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#BeReal Carmine, you are old!

Is the new social media platform BeReal good for mental health? Not for mine.


It’s my fourth day of online activity on the ‘BeReal’ social media platform, and I am struggling between cancelling the account or letting it go frozen by inactivity. It’s not going well.


For those of you who (like me until last month) do not know what BeReal is, it’s a new-ish social media platform informally promoted as the anti-Instagram, thanks to its focus on close, real connections, and sharing of spontaneous moments through unstaged photos.


You can post a maximum of two pictures per day, a contemporary double-take of both the front and the selfie cameras. Basically: here is me doing what I am doing; and here is the room where I am doing what I am doing (and the people I am doing what I am doing it with, unless I am alone).


Photos are taken at unpredictable moments when requested by the app, and should be uploaded within a couple of minutes. You are allowed to upload late photos, but everybody knows you are late. And until you have uploaded your daily photos, you can’t see your friends’ photos.


And of course, there are no filters, and no possibility to re-take the photos. Life as it is. “A new and unique way to discover who your friends really are in their daily life”, as the BeReal website states.

In addition, you don’t know how many BeReal connections your BeReal friends have, so there is no competition for popularity. In fact, you cannot see celebrities unless you are friends with them.

So far so good.


Or not?


BeReal, social media and mental health


We have extensively discussed the potentially deleterious effects of social media on mental health on Inspire the Mind, for example here, here and here. You can also listen to our recent At the Back of Your Mind podcast on this topic, here:



The themes underpinning these negative effects of social media are well known: continuous exposure to unrealistic (and unreal) standards of beauty, experience and success; fear of missing out on social events and fun opportunities; triggering by unfiltered material that glamourises self-harm behaviours or unhealthy eating habits; and direct bullying and shaming. A perfect recipe for disaster.


Will BeReal be different? The jury is out, at the moment.


Many online articles have discussed the pros and cons of this app in the context of mental health over the last few months. In fact, I was surprised by the sheer number of online articles that have already been published with ‘BeReal’ and ‘mental health’ in their titles or keywords.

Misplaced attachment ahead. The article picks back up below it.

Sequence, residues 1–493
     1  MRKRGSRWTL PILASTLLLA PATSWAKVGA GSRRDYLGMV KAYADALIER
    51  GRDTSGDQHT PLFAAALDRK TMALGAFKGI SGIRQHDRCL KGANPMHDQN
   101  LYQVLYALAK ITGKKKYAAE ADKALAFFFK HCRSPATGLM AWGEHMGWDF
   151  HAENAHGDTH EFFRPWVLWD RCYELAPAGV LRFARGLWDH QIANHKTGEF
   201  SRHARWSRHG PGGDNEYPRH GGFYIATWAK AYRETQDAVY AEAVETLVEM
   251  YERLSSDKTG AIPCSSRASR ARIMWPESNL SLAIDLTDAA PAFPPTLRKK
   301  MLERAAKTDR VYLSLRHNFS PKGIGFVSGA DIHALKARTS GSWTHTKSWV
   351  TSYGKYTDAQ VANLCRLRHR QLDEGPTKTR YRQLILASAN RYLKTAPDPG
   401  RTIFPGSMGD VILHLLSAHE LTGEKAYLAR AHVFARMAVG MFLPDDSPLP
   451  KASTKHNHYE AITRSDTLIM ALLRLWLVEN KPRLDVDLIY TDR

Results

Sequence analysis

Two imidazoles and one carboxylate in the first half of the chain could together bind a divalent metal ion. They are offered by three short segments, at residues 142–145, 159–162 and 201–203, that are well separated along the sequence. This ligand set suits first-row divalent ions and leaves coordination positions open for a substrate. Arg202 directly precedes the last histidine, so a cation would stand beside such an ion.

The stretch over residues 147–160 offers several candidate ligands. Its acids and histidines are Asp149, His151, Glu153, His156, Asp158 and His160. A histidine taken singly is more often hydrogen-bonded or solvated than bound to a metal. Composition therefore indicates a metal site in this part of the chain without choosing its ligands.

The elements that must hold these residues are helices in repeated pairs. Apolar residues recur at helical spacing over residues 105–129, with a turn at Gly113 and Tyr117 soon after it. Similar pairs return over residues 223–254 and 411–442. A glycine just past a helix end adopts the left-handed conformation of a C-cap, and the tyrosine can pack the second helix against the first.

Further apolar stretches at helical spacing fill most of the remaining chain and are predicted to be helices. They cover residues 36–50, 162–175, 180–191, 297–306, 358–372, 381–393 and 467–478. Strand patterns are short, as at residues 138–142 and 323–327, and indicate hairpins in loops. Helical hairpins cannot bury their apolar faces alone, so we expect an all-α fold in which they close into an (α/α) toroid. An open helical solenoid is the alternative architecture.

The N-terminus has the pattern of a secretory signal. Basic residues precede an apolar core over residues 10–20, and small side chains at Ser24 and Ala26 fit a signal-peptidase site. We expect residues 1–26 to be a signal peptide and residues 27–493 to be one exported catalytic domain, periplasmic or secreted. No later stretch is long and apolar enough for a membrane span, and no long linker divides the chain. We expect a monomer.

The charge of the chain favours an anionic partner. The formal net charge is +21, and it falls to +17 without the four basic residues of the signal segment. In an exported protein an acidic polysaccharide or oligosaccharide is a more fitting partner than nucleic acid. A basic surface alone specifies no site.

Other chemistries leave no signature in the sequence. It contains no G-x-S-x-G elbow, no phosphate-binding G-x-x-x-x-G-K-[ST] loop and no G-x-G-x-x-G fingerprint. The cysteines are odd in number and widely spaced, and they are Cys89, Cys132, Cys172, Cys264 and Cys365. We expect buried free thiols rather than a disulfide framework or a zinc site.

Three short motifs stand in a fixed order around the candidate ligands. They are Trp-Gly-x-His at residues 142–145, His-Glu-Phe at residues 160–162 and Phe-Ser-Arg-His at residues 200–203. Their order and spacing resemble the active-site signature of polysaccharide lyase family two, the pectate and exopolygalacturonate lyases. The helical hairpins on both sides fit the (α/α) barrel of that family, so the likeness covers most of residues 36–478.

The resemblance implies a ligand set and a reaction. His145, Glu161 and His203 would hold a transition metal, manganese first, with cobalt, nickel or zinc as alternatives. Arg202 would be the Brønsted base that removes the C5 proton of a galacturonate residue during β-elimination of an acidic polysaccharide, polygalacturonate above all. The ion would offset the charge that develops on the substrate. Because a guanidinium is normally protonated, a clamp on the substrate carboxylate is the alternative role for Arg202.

An article published in Metro in April quoted mental health activist, John Junior, stressing the novelty of BeReal and the importance of using “no filters” so that people can be “real with themselves”.


However, the same article pinpoints that you can still decide to wait to post your photos until you are doing something interesting, so to stage the content anyway. Someone interviewed for this article also warns about the risk of seeing your friends meeting up and having fun without you “in real-time”.


Just one month later, The New Yorker weighed in. And the subtitle could not be more critical: “The difference between this app and the social-media giants”, the article says, “isn’t its relationship to truth but the size and scale of its deceptions.”


Not only does this article criticize the concept of ‘authenticity’, but also expresses concerns about the fact that you must engage — “be continually available for daily doses of self-exposure” — in order to see the content on the app. This makes BeReal even more prescriptive than other social media apps, where you can look without posting content.


Around the same time, an article in The Cut discussed the new app (Title: The Anti-Instagram App Promising to Make Us Feel Good) by asking whether we are actually able to use social media for “capturing and sharing the kind of authenticity we’re talking about”.


Perhaps being authentic on social media, whatever the platform, is just a myth?